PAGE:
How do Japanese People Hold Chopsticks? (+ Guide With Pictures!)
As long as you can get your food from the plate to your mouth, does it really matter how you hold your chopsticks? Apparently, if you ask many Japanese people, they will tell you that it does. Don't worry, This article will show you the proper technique, along with a trick to help you train!
Does it really matter how you hold your chopsticks?
This is what my Japanese wife told me the other night: "I don't care right now, but you can't use the chopsticks like that in front of our future children." "Huh? What do you mean?" I said, confusedly looking at the chopsticks in my hand. I had been using them that way my whole life without a single comment from anyone before.
Apparently, in Japan, there's a 'proper' way to use chopsticks, and my future kids will be looked down upon if they don't use the proper chopstick technique.
Tip: Don't argue with your Japanese spouse about the importance of chopstick technique!
I grew up in the U.S. and learned how to use chopsticks by looking at the instructions on the back of the chopsticks wrapper at the local Chinese restaurant. I guess I was a pretty weird kid because I started using chopsticks in my house to eat every meal, even as the rest of my family used forks and knives. After so much practice, I naturally grew quite proficient at using chopsticks, and I never stopped to think about if my technique was 'proper' or not. This is how I used chopsticks:
My "improper" chopstick technique.
See how I brace the bottom chopstick with my middle finger? That's apparently not the right way to use the chopsticks.
So, what's the 'proper' way to hold chopsticks in Japan?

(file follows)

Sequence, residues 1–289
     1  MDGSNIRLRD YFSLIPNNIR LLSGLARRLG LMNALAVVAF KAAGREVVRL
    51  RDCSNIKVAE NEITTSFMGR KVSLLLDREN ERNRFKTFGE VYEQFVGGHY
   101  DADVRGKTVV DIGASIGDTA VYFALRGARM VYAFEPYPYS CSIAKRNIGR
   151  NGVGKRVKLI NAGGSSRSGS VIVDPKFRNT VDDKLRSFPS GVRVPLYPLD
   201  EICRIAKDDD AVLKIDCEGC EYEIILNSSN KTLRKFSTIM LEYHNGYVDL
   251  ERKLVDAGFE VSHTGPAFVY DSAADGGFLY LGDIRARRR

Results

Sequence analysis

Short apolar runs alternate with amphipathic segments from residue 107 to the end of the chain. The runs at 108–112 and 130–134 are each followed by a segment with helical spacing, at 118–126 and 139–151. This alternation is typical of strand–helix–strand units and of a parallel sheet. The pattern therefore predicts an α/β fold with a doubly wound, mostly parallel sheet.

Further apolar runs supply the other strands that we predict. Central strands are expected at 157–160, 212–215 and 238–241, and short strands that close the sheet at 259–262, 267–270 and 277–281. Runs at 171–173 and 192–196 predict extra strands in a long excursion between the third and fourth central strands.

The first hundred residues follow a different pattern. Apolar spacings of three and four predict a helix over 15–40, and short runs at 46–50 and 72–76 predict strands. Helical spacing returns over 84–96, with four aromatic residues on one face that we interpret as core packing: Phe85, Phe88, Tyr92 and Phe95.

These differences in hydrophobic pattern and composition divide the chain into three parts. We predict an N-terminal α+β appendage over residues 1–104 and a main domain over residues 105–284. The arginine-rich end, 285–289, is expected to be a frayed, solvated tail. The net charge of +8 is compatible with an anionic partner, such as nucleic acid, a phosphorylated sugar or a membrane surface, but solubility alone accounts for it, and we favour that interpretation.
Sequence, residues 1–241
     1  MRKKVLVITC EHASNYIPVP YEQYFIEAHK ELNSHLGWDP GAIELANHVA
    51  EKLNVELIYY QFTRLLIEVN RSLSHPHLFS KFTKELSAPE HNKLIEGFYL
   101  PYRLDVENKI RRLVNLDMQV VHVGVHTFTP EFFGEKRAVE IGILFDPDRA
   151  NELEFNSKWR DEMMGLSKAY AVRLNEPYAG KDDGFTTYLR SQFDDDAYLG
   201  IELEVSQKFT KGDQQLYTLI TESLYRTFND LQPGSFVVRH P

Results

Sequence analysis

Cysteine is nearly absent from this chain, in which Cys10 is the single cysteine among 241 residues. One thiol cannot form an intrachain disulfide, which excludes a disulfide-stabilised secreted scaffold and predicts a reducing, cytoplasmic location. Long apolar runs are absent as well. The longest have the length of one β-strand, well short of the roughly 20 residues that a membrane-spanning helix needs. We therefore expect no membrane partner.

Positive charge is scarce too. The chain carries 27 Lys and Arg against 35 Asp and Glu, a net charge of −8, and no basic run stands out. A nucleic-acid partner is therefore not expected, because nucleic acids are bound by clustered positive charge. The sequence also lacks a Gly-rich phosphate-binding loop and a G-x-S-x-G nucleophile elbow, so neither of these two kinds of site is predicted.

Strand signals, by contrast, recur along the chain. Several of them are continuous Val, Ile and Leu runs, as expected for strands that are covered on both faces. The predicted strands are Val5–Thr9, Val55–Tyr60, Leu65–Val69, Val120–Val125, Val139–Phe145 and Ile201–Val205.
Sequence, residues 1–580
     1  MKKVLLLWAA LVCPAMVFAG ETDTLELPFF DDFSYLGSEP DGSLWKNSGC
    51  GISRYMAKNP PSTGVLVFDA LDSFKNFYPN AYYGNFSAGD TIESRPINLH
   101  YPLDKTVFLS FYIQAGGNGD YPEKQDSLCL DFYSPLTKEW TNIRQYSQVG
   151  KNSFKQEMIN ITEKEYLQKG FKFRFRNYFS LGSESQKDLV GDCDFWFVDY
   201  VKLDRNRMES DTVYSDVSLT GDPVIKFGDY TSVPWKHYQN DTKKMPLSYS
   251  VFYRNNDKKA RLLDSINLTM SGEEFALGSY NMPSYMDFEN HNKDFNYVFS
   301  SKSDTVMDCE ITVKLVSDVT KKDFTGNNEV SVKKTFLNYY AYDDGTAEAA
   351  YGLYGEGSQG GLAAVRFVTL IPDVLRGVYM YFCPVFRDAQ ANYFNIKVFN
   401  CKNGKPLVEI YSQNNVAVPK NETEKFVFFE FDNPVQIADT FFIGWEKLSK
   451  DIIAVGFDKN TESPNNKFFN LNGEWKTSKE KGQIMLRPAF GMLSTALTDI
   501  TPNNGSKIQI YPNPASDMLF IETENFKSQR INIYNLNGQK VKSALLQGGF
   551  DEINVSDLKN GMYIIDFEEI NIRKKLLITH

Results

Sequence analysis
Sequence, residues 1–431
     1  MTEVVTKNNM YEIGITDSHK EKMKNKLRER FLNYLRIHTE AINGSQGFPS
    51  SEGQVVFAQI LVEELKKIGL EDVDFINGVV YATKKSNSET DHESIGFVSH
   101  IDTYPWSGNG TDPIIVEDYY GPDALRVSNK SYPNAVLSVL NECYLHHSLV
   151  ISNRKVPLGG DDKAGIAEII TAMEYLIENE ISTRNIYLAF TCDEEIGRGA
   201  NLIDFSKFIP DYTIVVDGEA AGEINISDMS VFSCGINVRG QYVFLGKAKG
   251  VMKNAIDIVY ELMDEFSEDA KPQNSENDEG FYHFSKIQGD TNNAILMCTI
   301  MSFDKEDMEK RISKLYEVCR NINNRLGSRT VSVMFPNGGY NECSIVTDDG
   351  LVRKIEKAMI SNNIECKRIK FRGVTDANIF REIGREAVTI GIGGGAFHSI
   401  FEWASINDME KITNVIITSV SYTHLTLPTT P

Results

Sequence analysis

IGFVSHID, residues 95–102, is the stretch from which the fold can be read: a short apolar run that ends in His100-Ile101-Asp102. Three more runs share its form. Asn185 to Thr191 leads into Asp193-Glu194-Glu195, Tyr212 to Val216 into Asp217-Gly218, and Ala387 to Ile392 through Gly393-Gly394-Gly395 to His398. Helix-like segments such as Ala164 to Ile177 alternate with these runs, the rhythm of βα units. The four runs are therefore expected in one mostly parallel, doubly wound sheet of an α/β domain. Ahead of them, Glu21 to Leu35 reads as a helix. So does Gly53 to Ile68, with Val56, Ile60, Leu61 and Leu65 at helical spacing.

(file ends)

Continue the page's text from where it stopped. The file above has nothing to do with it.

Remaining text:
The 'proper' way to hold chopsticks.
This is my attempt at what is considered to be the 'proper' or 'correct' way to hold chopsticks. The bottom stick is braced on the ring finger, and the top chopstick is held in a pencil grip.
Brace the bottom chopstick between the ring finger, base of the thumb, and side of the hand. It shouldn't move as you use the chopsticks.
Pinch the top chopstick between the tip of your thumb and your pointer and middle fingers. People say it's like holding a pencil (although I hold my pencil differently. Maybe that's why it's difficult for me?)
Use the chopsticks by moving only the top chopstick. It takes quite a bit of practice to be able to line up the tips of the chopsticks, and your hand will probably hurt while you're building up the muscles used for the motion. Keep practicing, and eventually, you'll get it! (I'm still working on it myself.)
Training tip: use a rubber band
Here's a tip I learned that helps when practicing to use chopsticks. Take a rubber band and twist it into a figure eight around your pointer finger and thumb, like this:
Insert the bottom chopstick into the same loop as your thumb, like this:
This will help to hold the bottom stick in place, even if your ring finger slips off.
Hold the top chopstick as usual and practice using the chopsticks like this. It makes it a little bit easier!
Using chopsticks is fairly tricky at first, but it gets easier and eventually, you might even prefer using chopsticks to using a fork! For example, I would now much rather eat a salad with chopsticks than by trying to stab through the greens with a clumsy fork!
When it comes to 'proper' chopstick technique, I'm still in the 'as long as it works, why does it matter?' camp. However, many Japanese people seem to disagree. Especially if you're thinking of marrying a Japanese person, I'd highly recommend getting your technique sorted out (so you can avoid being banished to eat dinner alone in another room, lest your children inherit your awful chopstick technique). Good luck!
If you're pretty handy with a pair of chopsticks, maybe you'd enjoy trying to catch noodles as they slide down a bamboo chute? Check out nagashi somen: